On day one after meeting with the rest of the small friendly group that were doing the tour we undertook a short walk to view the historic Temple area in Nagano, we then enjoyed a Soba meal that gave us the energy for the pedal power required in the afternoon. We were then all kitted up with bikes and equipment that was in top condition and that had been carefully chosen with both comfort and safety in mind. We were soon on our bikes and making our way on a well chosen route that kept us away from heavy traffic and soon had us in small farm areas with orchards and rice growing with views along the valleys and up into the hills. We started on a steady uphill section that ended at a small village that is famous for onsen that claim cures for various ailments. (I was hoping that Kevin would choose the one that cured bike saddle soreness, which he must have done as for all the rest of the ride the seat seemed soft and comfortable). The village with its narrow streets and soft lights was like something out of a fairy tale and they even had eggs cooking in hot thermal pools in the street.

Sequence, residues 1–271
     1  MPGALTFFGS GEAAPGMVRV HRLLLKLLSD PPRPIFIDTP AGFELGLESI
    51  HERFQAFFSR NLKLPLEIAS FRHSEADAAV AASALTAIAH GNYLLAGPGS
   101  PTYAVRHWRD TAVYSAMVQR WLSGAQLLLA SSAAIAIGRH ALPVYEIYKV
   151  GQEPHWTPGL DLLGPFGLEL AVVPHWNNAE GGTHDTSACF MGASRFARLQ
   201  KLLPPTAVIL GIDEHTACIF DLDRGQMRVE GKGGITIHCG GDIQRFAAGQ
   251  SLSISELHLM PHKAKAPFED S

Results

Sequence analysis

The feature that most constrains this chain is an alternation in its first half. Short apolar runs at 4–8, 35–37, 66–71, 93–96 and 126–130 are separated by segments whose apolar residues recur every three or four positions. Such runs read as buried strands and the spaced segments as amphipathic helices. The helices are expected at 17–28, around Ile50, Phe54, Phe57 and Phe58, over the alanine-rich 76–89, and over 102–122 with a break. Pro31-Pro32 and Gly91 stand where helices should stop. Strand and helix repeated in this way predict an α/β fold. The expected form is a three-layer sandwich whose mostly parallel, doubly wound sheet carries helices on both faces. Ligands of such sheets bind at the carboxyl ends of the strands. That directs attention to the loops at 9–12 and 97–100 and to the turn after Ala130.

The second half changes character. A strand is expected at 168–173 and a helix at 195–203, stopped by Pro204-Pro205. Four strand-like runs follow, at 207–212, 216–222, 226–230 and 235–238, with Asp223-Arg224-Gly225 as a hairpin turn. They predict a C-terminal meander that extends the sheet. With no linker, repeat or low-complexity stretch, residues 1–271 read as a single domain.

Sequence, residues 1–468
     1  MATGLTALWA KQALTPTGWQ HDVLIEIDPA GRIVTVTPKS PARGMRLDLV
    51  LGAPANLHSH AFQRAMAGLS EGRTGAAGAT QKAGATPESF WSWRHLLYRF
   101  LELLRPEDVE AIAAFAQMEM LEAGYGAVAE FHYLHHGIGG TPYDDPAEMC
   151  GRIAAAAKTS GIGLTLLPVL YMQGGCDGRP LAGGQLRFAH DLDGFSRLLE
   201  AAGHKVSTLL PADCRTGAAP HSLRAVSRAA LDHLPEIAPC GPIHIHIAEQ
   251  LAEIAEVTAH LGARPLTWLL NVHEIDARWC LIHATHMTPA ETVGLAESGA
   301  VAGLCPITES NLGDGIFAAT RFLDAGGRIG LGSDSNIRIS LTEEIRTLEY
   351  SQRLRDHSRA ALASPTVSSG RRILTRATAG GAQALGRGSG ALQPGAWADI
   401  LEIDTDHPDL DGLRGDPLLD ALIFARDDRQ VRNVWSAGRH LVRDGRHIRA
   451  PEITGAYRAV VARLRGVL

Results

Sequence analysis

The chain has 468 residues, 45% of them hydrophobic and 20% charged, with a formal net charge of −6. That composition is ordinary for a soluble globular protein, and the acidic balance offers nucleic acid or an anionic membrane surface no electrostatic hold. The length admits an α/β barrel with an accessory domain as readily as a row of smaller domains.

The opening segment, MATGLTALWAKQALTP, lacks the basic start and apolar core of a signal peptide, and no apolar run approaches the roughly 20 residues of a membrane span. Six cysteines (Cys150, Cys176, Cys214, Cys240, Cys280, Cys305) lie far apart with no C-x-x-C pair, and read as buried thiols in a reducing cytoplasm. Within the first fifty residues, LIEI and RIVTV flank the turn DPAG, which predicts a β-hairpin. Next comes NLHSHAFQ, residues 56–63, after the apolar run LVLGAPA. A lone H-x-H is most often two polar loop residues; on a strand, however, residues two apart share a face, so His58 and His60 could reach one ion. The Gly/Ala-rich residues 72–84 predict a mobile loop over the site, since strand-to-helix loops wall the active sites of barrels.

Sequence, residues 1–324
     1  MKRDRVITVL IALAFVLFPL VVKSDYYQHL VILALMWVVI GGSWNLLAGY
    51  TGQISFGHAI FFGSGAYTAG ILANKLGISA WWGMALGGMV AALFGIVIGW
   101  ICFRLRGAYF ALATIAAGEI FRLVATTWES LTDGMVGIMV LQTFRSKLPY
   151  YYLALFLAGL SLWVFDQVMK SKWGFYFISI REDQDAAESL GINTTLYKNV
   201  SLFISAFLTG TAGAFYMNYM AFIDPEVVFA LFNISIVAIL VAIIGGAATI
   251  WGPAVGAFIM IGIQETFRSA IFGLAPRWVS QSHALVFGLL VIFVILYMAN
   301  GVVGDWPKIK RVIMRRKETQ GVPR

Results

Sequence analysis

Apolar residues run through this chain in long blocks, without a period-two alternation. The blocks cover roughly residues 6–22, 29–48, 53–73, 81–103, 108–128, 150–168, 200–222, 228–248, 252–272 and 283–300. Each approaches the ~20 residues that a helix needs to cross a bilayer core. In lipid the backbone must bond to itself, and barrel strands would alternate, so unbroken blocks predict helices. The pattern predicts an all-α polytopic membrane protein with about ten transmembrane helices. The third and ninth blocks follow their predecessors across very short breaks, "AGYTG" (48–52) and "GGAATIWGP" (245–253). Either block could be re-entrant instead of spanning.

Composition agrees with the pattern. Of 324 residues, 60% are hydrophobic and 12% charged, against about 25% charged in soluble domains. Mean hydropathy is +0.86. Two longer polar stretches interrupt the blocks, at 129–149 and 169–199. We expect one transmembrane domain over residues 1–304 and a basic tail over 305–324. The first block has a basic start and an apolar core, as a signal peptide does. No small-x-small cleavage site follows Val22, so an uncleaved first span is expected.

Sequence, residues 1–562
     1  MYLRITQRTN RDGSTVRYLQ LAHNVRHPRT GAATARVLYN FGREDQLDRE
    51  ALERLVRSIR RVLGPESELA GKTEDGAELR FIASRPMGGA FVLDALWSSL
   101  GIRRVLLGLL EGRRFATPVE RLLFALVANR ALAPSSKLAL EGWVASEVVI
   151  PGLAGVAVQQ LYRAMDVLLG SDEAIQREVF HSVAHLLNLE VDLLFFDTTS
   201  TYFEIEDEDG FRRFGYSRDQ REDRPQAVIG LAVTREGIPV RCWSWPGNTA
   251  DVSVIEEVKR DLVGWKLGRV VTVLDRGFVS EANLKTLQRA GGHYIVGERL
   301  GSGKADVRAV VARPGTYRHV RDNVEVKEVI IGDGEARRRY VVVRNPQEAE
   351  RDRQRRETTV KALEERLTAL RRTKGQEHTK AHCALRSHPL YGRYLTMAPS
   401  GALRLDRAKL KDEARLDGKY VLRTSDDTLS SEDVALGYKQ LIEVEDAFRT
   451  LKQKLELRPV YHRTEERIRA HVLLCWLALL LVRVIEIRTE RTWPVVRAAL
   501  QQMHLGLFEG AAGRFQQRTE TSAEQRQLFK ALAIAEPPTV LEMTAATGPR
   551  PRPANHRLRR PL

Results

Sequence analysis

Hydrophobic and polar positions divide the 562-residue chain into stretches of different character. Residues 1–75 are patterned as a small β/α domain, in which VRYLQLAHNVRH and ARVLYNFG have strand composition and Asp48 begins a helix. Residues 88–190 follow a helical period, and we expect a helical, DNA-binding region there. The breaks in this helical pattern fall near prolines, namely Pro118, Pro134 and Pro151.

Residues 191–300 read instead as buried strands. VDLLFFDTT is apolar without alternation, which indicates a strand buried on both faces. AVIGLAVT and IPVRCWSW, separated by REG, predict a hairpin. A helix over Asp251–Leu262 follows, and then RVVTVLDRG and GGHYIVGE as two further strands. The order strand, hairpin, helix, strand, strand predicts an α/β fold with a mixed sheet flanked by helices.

On day two we continued uphill and by lunchtime we had reached a scenic lake area and the start of the trees that were dressed in fall colours. After lunch it was onwards and over a pass and a long rewarding downhill section that had the adrenalin pumping through my body and a smile on my face that went from ear to ear. Nature had been very busy with her (or his) paintbrush and every tree on every hill had the most beautiful colours and it all blended into a mosaic of colour that just blew the mind. It was and is the most beautiful fall season that I have ever seen in my entire life.